Socialist Worker

Building against the Nazi menace in Oxford

Patrick Ward went to Oxford in the build up to the demonstration and spoke to some of those organising the campaign

Issue No. 2079

Protesters at the gate of the Oxford Union

Protesters at the gate of the Oxford Union

People from many different backgrounds came together to build Monday’s 1,000 strong demonstration in Oxford against British National Party leader Nick Griffin and Holocaust denier David Irving.

Oxford University Students’ Union (OUSU), various faith groups, trade unions, political societies and many individuals were all part of the mobilisations.

Amy is from the Stop the War group on campus. They helped to publicise the anti-fascist activities. She said, “We have worked with many societies we haven’t worked with before, but also with a lot of students who haven’t been involved in campaigns before. This isn’t just an issue for the members of the Oxford Union (OU) that invited Griffin and Irving, but for the whole town. Local people have been shocked that they are trying to do this, they don’t understand why the OU would be so stupid.”

Steven, head of the Jewish Society, said, “We’ve got religious groups, student groups, the Jewish Society, the Islamic Society, interfaith groups, the Labour club and local trade unions, all campaigning together.”

“If people see Nick Griffin in the OU wearing a smart suit he will look respectable, it gives people like him credibility,” said Dominic, a member of Student Respect. “Some people argue that ‘we’re Oxford students, we’re too clever to be taken in by what he says’, but Griffin himself is from Cambridge university, and I’m sure they could find a Griffin mark two in Oxford. It could also encourage other universities to invite these speakers.”

A high point of the preparations was a 200 strong rally in Oxford town hall, hosted by the Lord Mayor.

“It was the most amazing thing,” said Philip, from the interfaith group MuJewz. “Groups that have often campaigned against each other on issues like Middle Eastern politics were standing together. We also had LGBT representatives, black people, white people, Jewish and Muslim societies, it was quite a wonderful thing really.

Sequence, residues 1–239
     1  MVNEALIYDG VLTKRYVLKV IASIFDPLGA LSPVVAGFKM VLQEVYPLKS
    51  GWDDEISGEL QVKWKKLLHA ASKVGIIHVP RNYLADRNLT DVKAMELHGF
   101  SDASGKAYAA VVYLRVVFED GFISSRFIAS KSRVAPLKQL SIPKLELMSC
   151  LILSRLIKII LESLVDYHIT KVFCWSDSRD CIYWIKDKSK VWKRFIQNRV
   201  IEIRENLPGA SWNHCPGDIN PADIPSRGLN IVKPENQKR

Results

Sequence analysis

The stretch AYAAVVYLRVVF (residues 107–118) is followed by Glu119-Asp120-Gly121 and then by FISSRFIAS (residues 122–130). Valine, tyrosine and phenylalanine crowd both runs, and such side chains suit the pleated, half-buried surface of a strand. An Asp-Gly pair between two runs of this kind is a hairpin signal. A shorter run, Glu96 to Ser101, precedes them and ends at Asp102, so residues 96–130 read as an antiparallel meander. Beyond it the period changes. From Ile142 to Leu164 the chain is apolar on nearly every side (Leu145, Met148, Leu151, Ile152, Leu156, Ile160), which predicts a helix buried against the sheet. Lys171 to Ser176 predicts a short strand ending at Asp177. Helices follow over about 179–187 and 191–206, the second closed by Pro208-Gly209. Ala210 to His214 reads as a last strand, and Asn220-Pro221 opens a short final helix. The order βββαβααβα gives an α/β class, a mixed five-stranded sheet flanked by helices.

“It’s a shame we all had to be brought together by adversity, but perhaps now we can move forward.”

“Griffin and Irving represent dangers to us in the short and long term. Everywhere the BNP campaigns there is a rise in racist incidents. A number of people here have been put on Redwatch. You never know when you might be threatened by intimidation. Racist websites have been telling people to come along on Monday.”

Duncan, a student anti-fascist campaigner and blogger has been on the receiving end of the real face of the BNP. “I’ve been threatened by them. Griffin coming to Oxford has given more fire to their anger. I get messages saying ‘you red, we’re going to get you.’

“But these people are pathetic, they’ve targeted my friends and my family. These people quite obviously have no concept of the idea of freedom, so to invite them to a freedom of speech debate would be laughable if it wasn’t so serious.

“At the beginning of the campaign the idea that we shouldn’t let these people speak was fairly unpopular really, but since then we’ve had a lot of success. The experience of the violence that follows these fascist groups makes it an easy argument to be had.

“As for Irving, he was in described in court in the 90s as a liar, a hypocrite and a holocaust denier. What else is there to add to that?”

Hannah, a journalist from the Oxford Student newspaper, found out that the debate was taking place, as it had originally been kept secret.

“After we found out about it we passed a motion at OUSU opposing the visit, which was useful because it meant the president could speak out about it. He helped us kick off a campaign with Unite Against Fascism (UAF).

“It has been great to get the ‘town and gowns’ together thanks to getting the Oxford Trades Council involved and a donation of £500 from a local health branch of the Unison union. We’ve had local people writing letters to the OU president and a petition signed by groups all around the county.

But even after the events of Monday, the campaign to keep the no platform for fascists in OCSU will continue. Next term a referendum has been called to overturn the policy. The unity forged in recent months can be a force to keep the Nazis off campus.

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